That I Might Draw All Men Unto Me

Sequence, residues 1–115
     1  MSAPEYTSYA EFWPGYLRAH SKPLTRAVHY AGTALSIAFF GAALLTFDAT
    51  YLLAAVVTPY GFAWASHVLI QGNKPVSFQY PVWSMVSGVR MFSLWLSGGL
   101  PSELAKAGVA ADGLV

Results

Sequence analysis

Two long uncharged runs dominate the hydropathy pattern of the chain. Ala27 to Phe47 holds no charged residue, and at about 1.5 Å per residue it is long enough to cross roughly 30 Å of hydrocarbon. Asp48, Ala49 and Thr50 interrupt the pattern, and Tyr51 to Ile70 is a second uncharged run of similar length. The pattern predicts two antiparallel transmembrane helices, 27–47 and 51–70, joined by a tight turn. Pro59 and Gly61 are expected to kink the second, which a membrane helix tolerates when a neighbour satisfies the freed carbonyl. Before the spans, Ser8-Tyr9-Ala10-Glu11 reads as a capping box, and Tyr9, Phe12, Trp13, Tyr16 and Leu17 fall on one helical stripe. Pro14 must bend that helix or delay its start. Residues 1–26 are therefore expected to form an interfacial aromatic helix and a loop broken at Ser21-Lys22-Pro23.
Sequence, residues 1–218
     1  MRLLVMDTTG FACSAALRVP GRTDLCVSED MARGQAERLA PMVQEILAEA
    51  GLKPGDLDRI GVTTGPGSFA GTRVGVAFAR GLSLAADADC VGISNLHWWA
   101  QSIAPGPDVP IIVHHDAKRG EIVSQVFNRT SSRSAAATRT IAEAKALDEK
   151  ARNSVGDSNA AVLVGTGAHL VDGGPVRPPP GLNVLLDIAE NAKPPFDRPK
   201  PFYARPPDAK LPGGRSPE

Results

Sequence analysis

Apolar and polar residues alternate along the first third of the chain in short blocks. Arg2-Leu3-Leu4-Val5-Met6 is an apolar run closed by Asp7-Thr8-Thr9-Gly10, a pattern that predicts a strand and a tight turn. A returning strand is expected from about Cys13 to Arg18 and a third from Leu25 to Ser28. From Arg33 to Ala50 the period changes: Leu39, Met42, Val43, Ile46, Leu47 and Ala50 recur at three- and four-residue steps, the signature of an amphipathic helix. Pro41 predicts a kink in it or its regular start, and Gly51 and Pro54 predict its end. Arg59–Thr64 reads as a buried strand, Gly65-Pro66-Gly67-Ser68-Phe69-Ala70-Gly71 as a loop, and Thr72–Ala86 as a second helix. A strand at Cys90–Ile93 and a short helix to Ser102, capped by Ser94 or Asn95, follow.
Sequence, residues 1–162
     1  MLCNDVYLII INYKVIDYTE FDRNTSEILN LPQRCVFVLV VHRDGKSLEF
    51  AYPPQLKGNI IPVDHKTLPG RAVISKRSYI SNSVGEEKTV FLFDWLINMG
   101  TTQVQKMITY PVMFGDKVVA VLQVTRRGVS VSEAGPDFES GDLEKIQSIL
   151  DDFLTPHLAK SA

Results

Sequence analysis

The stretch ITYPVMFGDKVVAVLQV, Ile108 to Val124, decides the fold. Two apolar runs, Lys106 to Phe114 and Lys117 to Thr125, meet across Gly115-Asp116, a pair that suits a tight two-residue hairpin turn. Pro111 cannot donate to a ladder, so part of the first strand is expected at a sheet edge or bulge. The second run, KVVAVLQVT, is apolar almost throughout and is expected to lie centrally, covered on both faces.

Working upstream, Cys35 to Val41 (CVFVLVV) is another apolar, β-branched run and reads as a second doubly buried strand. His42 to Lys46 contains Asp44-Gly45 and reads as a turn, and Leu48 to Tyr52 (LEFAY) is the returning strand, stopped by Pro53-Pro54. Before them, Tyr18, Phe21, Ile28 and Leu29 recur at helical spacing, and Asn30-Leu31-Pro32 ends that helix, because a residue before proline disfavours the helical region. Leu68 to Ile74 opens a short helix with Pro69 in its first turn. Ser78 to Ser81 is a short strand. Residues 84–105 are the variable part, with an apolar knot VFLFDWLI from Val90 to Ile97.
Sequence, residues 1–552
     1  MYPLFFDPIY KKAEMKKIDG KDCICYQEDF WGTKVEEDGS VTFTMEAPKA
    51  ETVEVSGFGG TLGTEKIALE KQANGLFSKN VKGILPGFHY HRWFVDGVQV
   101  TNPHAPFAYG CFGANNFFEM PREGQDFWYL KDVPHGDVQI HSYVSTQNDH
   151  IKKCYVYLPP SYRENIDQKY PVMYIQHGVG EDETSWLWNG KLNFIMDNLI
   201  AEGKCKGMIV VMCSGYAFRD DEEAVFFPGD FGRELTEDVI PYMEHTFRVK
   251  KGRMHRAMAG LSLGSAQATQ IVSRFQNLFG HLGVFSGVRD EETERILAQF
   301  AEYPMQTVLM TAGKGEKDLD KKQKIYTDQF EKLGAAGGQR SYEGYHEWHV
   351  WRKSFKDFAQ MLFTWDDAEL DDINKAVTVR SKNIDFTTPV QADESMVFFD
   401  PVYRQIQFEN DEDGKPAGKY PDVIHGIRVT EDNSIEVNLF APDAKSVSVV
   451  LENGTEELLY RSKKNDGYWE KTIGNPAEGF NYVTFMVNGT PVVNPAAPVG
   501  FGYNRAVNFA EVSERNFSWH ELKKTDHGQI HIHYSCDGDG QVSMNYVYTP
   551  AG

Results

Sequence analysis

This is a really amazing talk that teaches the importance of not being like Laman and Lemuel. I remember grinning when this wonderful apostle spoke at general conference. I will never hear the words "childish whining" without thinking of this dear apostle of God.:) In this awesome talk Elder Renlund said, The difference made by our proximity to Heavenly Father and Jesus Christ is illustrated in the Book of Mormon in the stark contrast between Nephi and his older brothers Laman and Lemuel: Nephi had “great desires to know of the mysteries of God, wherefore, [he] did cry unto the Lord,” and his heart was softened. On the other hand, Laman and Lemuel were distant from God—they did not know Him. Nephi accepted challenging assignments without complaint, but Laman and Lemuel “did murmur in many things.” Murmuring is the scriptural equivalent of childish whining. The scripture records that “they did murmur because they knew not the dealings of that God who had created them.” Nephi’s closeness to God enabled him to recognize and appreciate God’s “tender mercies.” In contrast, when Laman and Lemuel saw Nephi receiving blessings, they “were wroth with him because they understood not the dealings of the Lord.” Laman and Lemuel saw the blessings that they received as their due and petulantly assumed that they should have more. They seemed to view Nephi’s blessings as “wrongs” committed against them. This is the scriptural equivalent of disgruntled entitlement. Nephi exercised faith in God to accomplish what he was asked to do. In contrast, Laman and Lemuel, “being hard in their hearts, … did not look unto the Lord as they ought.” They seemed to feel that the Lord was obligated to provide answers to questions that they had not posed. “The Lord maketh no such thing known unto us,” they said, but they did not even make the effort to ask. This is the scriptural equivalent of derisive skepticism. Because they were distant from the Savior, Laman and Lemuel murmured, became contentious, and were faithless."